The AMA incident referred to by the moderators is related to a popular Reddit third-party app called Apollo. The app recently announced that it will shut down on June 30 due to the new API charges, which the developer said would cost his company over $20 million per year.

Apollo’s developer Christian Selig said he asked Reddit CEO Steve Huffman whether the company was interested in buying Apollo for $10 million, half of the estimated cost to run the app under the new API policy. Huffman then claimed that Selig tried to threaten and blackmail Reddit into buying the app.

In a recent Reddit AMA, Huffman, aka u/spez, insisted that the Selig’s “behavior and communications with us has been all over the place,” but many users sided with Selig, citing the recordings Selig made of his phone calls with Reddit executives.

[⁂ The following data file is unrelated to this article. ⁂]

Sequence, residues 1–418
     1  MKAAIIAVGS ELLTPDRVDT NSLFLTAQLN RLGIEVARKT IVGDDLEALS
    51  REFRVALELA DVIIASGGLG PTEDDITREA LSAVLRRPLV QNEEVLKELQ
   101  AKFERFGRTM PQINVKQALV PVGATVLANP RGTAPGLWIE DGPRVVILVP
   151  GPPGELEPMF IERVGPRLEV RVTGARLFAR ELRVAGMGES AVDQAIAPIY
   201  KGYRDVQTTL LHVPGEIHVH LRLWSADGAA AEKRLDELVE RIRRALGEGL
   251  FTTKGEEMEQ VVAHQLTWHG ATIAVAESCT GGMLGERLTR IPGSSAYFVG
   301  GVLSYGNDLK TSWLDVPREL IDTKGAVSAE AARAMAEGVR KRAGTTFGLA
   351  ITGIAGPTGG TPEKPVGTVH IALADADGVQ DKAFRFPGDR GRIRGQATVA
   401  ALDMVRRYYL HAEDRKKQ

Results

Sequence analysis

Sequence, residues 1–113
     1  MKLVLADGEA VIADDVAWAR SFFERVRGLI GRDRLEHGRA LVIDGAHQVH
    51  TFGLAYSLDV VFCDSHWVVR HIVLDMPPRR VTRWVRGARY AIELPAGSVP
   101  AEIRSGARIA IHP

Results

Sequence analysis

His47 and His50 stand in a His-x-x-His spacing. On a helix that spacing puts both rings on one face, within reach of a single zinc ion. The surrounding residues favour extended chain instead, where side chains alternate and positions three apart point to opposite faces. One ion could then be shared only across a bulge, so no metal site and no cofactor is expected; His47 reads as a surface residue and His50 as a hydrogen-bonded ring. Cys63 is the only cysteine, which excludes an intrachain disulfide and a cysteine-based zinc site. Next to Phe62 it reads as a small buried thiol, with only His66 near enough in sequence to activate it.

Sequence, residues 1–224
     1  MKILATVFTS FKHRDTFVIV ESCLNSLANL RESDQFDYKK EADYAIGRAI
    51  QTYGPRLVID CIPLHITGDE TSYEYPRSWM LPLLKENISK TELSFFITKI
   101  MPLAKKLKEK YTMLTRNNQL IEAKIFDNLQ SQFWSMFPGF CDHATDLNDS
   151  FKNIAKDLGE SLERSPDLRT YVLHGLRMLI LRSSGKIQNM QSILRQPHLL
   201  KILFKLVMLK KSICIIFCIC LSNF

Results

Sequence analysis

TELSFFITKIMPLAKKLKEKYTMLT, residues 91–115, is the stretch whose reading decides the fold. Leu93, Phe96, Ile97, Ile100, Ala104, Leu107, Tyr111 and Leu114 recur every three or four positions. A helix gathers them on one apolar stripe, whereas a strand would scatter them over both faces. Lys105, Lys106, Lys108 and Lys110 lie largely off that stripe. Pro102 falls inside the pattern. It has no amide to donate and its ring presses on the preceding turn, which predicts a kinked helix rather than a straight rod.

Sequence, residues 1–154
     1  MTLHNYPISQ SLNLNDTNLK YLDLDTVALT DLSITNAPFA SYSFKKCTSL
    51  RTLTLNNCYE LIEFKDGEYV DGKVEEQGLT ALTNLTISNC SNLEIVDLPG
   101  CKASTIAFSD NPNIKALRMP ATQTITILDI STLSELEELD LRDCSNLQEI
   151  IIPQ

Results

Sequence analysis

The changes in API policy come ahead of Reddit’s proposed initial public offering scheduled for later this year.

In a Reddit post, Huffman defended the new API prices by saying that “Reddit needs to be a self-sustaining business, and to do that, we can no longer subsidize commercial entities that require large-scale data use.”

Per the new policy, there will be a free tier with restrictions. Its premium enterprise plan will cost 24 cents per 1,000 API calls, which comes to “less than $1.00 per user/month for a typical Reddit third-party app.”